There is no war without strife, no conflict without anguish and no interaction without an exchange of power. No one knew this fact better than the Chinese General Sun Tzu. The Art of War has continued to enthrall, educate and empathize with generals and strategists to this very day. It is a classic work on strategy and the very act of preparing for conflict.
Summary of the Book
There is much to be learnt in the battlefield. War is a constant entity in our lives, embodied in each and every type of interaction. Ceding territory to our enemies is no different from losing a business deal to our competitors. Perhaps that is why Sun Tzu’s teachings have become more relevant to this generation than to its predecessors. Written thousands of years ago, this tiny book carries a weight that could and should have protected mankind from its own foolishness. Sun Tzu detested open conflict, and his writing stands by his emotions. He chose to fight, run and fight again, focussing on strategies not unlike those followed in the Chinese game of Go. In stark comparison, the West’s affinity for the rules of Chess and its relative bloodlust place it in a difficult position. Sun Tzu believed that wars were won in the planning stage, that much of the battlefield could be controlled. Know your enemy, and know yourself, he taught his men. He believed knowledge is power, and that it was just as important that one knew one’s own capabilities before facing an enemy as it is to know the size of an enemy’s army. Despite its age, this book has become the standard text and reference guide for soldiers, generals, tacticians, strategists and business managers to this very day. Its immortal advice is as relevant to our generation of boardroom wars and conference conflicts as it was to Sun Tzu when he fought rival generals with a relatively smaller army, confounding his peers with his skill and tenacity for terrifying the enemy.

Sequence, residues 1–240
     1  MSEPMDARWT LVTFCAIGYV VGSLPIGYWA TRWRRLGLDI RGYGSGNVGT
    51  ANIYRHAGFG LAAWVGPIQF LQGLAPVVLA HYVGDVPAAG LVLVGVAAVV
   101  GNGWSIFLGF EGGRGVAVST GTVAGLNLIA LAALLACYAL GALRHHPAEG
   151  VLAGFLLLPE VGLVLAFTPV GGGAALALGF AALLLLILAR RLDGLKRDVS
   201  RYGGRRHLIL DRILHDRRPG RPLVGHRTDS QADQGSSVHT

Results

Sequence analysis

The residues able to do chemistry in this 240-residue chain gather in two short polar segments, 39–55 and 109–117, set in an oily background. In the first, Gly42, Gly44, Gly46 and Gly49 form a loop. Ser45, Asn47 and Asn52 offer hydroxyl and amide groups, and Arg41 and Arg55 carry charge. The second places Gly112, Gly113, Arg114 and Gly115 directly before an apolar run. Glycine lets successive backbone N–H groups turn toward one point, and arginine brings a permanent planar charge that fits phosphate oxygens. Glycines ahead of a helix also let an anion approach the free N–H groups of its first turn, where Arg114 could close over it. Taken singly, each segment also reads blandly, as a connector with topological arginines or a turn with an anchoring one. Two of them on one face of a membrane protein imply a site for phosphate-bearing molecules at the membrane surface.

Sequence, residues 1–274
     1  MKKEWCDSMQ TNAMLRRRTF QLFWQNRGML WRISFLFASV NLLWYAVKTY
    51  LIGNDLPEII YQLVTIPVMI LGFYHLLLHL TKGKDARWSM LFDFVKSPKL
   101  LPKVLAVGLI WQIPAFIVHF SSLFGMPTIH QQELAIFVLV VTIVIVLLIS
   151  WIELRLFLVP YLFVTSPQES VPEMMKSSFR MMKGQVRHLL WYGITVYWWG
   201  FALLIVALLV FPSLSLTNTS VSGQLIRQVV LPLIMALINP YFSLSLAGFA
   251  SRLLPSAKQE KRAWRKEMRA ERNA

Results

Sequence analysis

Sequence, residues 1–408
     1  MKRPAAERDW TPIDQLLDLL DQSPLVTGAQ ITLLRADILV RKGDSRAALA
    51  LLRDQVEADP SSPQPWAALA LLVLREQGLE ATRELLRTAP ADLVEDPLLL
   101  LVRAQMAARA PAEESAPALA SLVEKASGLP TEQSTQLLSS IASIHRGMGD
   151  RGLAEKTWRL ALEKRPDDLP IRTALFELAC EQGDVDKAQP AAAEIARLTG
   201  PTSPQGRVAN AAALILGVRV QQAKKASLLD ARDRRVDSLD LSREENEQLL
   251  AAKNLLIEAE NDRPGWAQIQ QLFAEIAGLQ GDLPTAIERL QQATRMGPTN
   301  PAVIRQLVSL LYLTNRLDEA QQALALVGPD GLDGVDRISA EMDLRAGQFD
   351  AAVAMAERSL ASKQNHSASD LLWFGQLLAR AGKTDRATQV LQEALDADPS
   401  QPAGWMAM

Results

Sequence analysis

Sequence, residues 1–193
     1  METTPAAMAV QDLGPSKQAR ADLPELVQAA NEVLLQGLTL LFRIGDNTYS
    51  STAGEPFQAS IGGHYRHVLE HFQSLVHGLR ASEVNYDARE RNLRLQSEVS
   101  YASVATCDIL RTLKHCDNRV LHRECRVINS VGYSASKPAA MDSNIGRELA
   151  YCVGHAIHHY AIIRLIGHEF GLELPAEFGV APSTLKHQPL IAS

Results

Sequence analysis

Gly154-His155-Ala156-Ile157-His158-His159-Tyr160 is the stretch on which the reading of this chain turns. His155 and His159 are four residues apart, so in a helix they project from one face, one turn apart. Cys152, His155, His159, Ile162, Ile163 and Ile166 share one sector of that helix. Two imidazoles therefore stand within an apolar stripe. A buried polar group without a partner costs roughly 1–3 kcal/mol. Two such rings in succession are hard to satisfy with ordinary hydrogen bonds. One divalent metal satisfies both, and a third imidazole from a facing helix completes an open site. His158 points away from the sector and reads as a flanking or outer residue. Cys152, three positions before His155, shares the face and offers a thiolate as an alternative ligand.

About Sun Tzu
Sun Tzu was a Chinese military general, strategist and philosopher who is said to have lived in the Spring and Autumn Period of ancient China. His actual existence is the subject of much debate and speculation.